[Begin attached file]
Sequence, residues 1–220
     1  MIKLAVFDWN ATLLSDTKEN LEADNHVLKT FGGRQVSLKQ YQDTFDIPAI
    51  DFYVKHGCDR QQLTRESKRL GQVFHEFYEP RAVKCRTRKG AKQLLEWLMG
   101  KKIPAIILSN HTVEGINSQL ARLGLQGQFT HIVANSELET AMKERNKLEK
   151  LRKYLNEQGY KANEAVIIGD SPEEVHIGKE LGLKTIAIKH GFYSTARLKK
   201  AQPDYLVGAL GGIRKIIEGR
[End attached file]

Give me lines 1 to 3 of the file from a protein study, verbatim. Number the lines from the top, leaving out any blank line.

Sequence, residues 1–220
     1  MIKLAVFDWN ATLLSDTKEN LEADNHVLKT FGGRQVSLKQ YQDTFDIPAI
    51  DFYVKHGCDR QQLTRESKRL GQVFHEFYEP RAVKCRTRKG AKQLLEWLMG